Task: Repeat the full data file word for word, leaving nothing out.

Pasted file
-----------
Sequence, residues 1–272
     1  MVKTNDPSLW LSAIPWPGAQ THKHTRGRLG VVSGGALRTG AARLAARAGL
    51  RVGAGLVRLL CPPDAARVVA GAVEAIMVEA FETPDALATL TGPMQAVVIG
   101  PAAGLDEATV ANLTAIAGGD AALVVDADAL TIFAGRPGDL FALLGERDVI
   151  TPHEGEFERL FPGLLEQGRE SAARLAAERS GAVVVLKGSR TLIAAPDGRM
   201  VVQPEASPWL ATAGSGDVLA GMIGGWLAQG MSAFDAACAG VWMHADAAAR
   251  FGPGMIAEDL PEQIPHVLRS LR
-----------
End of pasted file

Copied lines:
Sequence, residues 1–272
     1  MVKTNDPSLW LSAIPWPGAQ THKHTRGRLG VVSGGALRTG AARLAARAGL
    51  RVGAGLVRLL CPPDAARVVA GAVEAIMVEA FETPDALATL TGPMQAVVIG
   101  PAAGLDEATV ANLTAIAGGD AALVVDADAL TIFAGRPGDL FALLGERDVI
   151  TPHEGEFERL FPGLLEQGRE SAARLAAERS GAVVVLKGSR TLIAAPDGRM
   201  VVQPEASPWL ATAGSGDVLA GMIGGWLAQG MSAFDAACAG VWMHADAAAR
   251  FGPGMIAEDL PEQIPHVLRS LR